The normal progression of writing includes more steps then the casual reader can fathom. The first step of writing is the brainstorm process, which presents itself as procrastination. Then, the writer drains his thought onto some medium to formulate words. The words can drip like molasses, sucking an hour into a singular sentence. After some mess of words pile on the paper or screen, the writer re-reads, rearranges, deletes, adds, scratches, and punches the final product. That’s when he should take a break and wipe his forehead. He doesn’t do that. He edits the work by performing a spelling check on his word processor, and manually scanning his work for errors.
He submits his work to his editor, his college professor, or to his boss, and anxiously awaits kudos or a paycheck: some form of reward. The conclusion is oftentimes disappointing. Editorial comments or snarky red pen symbols boast the egregious number of errors he’s performed. He’s made a few spelling errors, typed the number “8” instead of spelling it, used the passive voice at the end of his third paragraph, and generally presented himself as an incompetent writer despite the fact that he knew not to do those things. How might he have avoided such a conclusion?
The Judgmental (Insert Expletive Here) Method
Carl Jung said “Everything that irritates us about others can lead us to an understanding of ourselves.” More irritating then the petty behaviors of others is the overt scrutiny of others of us. When one’s mother-in-law makes her caring observation that her daughter-in-law’s kitchen is in need of a nice good cleaning, irritation bubbles up through the drain of the overloaded sink. A boss might comment on his employee’s tendency to be at least 30 seconds late to work each week. A wife might be overly sensitive to her husband’s use of the non-existent word, “boughten,” much to his dismay. It hurts a little to hear criticism, and once in a while, a critic may be a little too overbearing and full of self-infatuation.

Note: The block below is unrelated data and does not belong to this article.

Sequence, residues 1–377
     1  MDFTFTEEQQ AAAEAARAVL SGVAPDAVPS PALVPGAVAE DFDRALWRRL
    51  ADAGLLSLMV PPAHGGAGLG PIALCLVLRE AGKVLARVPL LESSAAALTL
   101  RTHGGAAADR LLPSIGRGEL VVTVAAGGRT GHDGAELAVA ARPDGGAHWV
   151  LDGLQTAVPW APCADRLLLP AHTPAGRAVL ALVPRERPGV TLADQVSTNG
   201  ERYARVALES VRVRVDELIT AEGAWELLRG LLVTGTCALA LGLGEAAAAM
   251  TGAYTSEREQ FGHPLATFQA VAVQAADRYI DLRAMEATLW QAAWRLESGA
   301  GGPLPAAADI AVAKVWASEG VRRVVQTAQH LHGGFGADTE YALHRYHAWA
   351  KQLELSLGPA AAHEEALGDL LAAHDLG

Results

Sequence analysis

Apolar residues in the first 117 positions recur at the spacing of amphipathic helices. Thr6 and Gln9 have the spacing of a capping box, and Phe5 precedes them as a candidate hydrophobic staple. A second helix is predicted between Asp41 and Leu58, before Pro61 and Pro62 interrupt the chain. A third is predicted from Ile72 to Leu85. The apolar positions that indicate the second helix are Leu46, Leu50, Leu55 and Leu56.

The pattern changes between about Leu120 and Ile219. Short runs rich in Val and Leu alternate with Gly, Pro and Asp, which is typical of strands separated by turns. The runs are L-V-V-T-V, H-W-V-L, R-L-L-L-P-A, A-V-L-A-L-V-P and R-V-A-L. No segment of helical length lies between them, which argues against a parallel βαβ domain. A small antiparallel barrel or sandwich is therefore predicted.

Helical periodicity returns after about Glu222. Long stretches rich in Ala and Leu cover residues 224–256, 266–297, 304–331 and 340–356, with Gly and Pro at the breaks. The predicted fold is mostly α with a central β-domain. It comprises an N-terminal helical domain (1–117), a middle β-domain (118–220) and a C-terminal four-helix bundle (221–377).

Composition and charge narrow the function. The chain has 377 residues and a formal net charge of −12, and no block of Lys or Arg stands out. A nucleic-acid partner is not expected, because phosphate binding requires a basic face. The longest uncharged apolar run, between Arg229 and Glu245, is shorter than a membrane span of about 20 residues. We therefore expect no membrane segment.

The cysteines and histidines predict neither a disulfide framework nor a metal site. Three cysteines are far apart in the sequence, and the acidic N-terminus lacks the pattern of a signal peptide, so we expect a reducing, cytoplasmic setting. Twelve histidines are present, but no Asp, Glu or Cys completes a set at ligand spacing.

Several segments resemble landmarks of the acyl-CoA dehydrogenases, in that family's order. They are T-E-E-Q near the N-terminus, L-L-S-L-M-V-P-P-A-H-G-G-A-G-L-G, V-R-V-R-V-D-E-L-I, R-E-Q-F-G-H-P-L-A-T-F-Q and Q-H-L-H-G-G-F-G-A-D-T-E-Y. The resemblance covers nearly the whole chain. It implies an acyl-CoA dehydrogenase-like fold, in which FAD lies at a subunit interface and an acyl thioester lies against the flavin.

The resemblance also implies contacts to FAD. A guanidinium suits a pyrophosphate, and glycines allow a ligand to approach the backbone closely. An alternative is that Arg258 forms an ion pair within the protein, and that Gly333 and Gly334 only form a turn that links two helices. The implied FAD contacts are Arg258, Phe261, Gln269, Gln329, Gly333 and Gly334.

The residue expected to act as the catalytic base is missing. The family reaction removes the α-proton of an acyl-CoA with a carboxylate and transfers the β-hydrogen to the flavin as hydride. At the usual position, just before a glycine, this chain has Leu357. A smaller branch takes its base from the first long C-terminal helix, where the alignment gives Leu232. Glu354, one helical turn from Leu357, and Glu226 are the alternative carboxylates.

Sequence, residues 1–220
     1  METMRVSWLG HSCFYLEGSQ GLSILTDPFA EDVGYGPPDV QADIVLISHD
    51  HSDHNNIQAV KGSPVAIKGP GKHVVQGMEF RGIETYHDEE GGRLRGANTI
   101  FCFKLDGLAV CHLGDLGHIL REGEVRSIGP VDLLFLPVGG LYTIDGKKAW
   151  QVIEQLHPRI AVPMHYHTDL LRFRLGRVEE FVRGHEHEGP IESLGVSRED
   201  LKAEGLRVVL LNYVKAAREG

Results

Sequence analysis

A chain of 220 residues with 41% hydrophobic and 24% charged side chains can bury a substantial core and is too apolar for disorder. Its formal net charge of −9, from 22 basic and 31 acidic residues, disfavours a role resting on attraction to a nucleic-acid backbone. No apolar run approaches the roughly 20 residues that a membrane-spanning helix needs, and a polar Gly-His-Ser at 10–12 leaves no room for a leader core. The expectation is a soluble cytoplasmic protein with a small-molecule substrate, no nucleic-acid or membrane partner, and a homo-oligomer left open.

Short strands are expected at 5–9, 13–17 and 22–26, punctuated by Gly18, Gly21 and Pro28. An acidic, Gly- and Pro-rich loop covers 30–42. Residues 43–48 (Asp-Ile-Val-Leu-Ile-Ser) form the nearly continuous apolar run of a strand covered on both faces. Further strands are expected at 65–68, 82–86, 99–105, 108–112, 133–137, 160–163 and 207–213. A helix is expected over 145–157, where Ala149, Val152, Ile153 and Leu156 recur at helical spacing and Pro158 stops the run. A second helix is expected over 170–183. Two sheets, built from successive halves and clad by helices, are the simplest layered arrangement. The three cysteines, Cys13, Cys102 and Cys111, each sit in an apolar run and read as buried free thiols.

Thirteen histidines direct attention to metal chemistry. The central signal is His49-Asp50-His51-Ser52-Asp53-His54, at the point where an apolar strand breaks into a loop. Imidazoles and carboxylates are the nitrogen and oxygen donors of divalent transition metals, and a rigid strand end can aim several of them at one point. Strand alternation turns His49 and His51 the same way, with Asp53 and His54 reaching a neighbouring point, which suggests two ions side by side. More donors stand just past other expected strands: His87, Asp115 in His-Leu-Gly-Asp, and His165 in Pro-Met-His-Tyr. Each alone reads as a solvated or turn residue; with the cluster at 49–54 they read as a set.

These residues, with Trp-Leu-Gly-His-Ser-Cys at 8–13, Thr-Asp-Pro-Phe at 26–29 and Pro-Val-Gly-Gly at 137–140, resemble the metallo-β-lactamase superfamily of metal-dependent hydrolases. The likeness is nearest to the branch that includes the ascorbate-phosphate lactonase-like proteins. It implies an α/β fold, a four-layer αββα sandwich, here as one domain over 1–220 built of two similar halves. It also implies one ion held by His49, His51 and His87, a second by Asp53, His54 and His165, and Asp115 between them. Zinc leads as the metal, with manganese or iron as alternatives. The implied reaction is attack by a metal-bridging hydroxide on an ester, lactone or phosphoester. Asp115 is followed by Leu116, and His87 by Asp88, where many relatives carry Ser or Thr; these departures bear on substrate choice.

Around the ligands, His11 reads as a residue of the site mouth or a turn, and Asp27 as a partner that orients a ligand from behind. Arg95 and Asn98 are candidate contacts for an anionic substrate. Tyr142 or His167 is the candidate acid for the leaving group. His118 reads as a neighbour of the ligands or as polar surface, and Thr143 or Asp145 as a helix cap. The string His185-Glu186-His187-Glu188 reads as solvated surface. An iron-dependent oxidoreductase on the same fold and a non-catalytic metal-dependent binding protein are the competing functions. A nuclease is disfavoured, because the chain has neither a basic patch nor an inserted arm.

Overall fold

The self-infatuated, perfectionist critic is the one who can help you (yes, I’m including you now, so please don’t cringe at my voice change), edit your own work. Here’s how.
Write your article or paper, then save it.
Write a mean paragraph to yourself with ego-packed sentences such as, “I don’t know why it’s so hard to write something. Look what I wrote, and I bet you can’t find any errors. I’ve know what people and editors want, and I only wish it was as easy for everyone else as it is for me.”
Sign it from someone you know who would possibly say such garbage. You can use a specific person such as your spouse’s ex-wife, your current boss, an in-law, or your old high school bully. You can even use a famous person who makes the enamel of your teeth burn. It could be Nancy Grace, or Dr. Laura, or maybe not.
Prove to this person what a nitwit they are by editing the work (which you will totally know is your work, but the emotion will help you to be more objective in editing the work).
You’ll be surprised at the errors you’ve made. You’ll find dangling prepositions right in the beginning. You’ll find split-infinitives to positively drive you insane. You’ll find typos you never new an educated person could construct. You’ll find repetitive sentences, and a plethora of redundancies. One will find that he’s changed from third person to second person. You’ll find grammatical errors and superfluous sentences. At the end of it all, you’ll wonder why this schmuck even contemplated writing without your help.